Jocelyn Ruggiero interviews Betty Fussell, an award-winning writer and the author of twelve books, ranging from biography to cookbooks, food history and memoir. Her many awards include the James Beard Foundation’s Journalism Award and Who’s Who in Food & Beverage. Betty’s most recent book is Eat, Live, Love, Die: Selected Essays and its work spans almost 50 years.
Interviewed February 9, 2017
Jocelyn: Hi, I’m Jocelyn Ruggiero and this is SNIPPETS. My guest today is Betty Fussell. Betty is an award-winning writer and the author of 12 books ranged from cookbook, to memoir, biography, food history. Among her many awards are an award for journalism from the James Beard Foundation and the Who’s Who Food and Beverage and Betty’s latest book is a wonderful collection of essays I have right here, Eat, Live, Love, Die: Selected Essays that span almost 50 years.
Welcome, Betty. Thanks for joining me.
Betty: Thank you, Jocelyn. I’m so delighted to be here with you.
Jocelyn: From Casa Dorinda in Santa Barbara, California, right?
Betty: I’m in Santa Barbara and you’re back where snow is.
Jocelyn: That’s right, I am. It looks very glamorous there. I feel like I’m speaking into a dinner at a Hollywood film there in the background.
Betty: It’s like speaking into Hollywood, yes, California is Hollywood. It’s a made up land.
Jocelyn: I learned so much reading these essays and encountering ones that I’d never seen before from publications that no longer exist. It was really a delight. In your essay 4F which I really enjoyed very much, you talked about food as a revelatory window on the world. And I’m wondering today, specifically today in the context of all the political turmoil we’re experiencing now, I’m assuming you do and if so how do you think writing about food matters, is relevant, is revelatory in that way you described?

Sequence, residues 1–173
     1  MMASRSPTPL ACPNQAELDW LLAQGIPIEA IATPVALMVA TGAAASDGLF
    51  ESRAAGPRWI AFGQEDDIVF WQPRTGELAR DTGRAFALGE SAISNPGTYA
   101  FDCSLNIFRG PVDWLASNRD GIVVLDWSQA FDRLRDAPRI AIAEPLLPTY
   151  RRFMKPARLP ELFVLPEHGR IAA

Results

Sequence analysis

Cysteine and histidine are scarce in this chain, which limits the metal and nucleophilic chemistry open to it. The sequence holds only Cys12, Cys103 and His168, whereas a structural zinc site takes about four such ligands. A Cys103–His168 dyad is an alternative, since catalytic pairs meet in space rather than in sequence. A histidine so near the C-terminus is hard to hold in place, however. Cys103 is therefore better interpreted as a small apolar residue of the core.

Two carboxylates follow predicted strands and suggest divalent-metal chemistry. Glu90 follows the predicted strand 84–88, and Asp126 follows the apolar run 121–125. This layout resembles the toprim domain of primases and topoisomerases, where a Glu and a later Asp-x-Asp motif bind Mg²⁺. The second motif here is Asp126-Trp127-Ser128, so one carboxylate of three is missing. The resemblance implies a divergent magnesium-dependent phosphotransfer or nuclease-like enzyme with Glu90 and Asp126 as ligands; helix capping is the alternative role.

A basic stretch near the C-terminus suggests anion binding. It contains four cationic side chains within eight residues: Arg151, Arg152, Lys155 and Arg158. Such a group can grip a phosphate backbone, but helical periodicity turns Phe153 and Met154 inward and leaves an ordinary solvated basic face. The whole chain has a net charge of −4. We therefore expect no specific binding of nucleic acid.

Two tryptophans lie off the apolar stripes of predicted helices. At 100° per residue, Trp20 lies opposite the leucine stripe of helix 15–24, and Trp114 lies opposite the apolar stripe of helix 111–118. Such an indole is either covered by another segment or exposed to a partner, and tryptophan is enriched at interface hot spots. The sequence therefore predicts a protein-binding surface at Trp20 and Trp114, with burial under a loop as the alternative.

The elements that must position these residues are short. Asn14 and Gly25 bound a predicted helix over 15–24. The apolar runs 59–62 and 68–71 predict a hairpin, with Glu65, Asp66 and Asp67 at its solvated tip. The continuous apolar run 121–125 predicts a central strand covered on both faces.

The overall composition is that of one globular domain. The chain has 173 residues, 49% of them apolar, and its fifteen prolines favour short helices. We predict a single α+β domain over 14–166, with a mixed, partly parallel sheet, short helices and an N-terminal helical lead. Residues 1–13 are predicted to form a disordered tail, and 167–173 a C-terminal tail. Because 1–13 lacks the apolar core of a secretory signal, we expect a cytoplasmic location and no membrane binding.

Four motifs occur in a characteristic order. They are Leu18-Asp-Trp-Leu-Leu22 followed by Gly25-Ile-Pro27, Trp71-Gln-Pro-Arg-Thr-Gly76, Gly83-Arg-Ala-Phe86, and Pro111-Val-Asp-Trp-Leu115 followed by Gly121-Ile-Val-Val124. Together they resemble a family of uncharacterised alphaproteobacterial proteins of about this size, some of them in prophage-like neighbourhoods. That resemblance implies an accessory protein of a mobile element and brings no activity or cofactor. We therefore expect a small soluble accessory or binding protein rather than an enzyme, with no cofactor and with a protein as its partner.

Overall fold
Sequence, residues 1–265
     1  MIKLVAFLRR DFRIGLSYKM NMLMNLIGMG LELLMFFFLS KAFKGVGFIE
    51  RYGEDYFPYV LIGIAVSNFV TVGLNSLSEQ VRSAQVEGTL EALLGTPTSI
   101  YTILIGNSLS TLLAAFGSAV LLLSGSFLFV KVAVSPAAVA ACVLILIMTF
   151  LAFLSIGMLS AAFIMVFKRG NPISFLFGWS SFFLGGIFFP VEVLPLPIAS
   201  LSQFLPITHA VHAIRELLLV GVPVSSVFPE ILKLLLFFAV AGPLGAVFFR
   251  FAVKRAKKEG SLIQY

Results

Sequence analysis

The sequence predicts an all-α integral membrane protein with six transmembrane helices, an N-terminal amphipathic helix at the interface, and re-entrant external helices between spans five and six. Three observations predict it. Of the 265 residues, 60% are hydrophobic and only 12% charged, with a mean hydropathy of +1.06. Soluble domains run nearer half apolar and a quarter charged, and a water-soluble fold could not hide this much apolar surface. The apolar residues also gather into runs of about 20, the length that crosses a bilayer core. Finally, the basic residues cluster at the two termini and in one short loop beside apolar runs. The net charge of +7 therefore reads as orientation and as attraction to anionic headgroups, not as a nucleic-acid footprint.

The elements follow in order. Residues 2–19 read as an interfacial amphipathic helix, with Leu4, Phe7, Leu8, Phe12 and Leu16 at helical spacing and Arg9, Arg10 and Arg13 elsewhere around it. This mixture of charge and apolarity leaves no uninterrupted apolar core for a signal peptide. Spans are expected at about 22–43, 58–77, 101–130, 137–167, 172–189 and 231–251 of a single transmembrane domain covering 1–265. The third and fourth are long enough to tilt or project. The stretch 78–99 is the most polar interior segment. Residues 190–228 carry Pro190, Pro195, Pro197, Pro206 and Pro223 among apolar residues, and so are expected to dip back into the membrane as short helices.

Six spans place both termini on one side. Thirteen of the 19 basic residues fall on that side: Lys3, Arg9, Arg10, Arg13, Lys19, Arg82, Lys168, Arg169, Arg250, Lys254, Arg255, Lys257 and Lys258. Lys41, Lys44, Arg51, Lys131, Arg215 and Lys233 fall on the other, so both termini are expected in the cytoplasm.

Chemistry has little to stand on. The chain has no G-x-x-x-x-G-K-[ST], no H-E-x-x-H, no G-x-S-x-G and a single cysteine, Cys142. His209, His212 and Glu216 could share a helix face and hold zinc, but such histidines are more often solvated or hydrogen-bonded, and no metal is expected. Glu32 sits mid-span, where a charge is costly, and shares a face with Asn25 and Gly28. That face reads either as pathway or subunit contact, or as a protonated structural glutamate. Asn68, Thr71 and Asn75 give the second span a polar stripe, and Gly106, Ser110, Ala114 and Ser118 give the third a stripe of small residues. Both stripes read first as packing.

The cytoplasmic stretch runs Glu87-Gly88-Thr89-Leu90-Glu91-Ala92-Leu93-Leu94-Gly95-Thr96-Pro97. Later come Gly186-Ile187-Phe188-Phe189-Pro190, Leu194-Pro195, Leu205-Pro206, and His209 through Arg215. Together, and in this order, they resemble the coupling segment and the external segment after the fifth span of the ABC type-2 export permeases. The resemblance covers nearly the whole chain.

Betty: Writing about food aways matters because food is life. So eating and cooking, you don’t have to cook, you do have to eat. Everybody has to eat. So the basis of food is other people. You don’t create the food products yourself, you could raise a carrot but you cannot raise everything that you’re going to need so you are always dependent on something and somebody else and then you bring it to a table where the assumption is you will eat it with somebody else, usually. You want to share it.
When a baby is born, the baby cannot live without somebody else feeding it milk preferably Mama or substitute Mama or bottle but that’s how we know, that’s how we learn we’re not just the only scrawling mouth in the universe so for current politics, you can never have me first and only because that doesn’t work with food. It’s an immediate window on anything that is culturally relevant and everything is culturally relevant to food, so that window is always open.
Jocelyn: I was so struck. On your website you called it Food History but I was so stuck in essay after essay how there was no history, food history, how everything was so woven together and that’s what was so rich about this work. Food is a window into everything.
Betty: We don’t have to arrange because we don’t arrange this way in our mind. Food is memory—our most intimate memories, our earliest memories are about food so it doesn’t have to be presented in a chronological manner, it is much more like we are to have a mosaic and have flashbacks going on all the time the way memories do, the way dreams do. That’s how we remember food and what we remember we taste, it’s in our hands and our hearts long before it’s in our palettes.
Jocelyn: Something else I was struck by of course is the mystery, the mythology of the Western frontier pervades so much of your writing. So after so many years in New York City, I know you returned west where you came from. I love the photo in the book, which is also in Vogue, so evokes that western mythology when I look at it.
Betty: Jo Nieman’s Ranch! That’s California.
Jocelyn: So why west? Why did you go back west?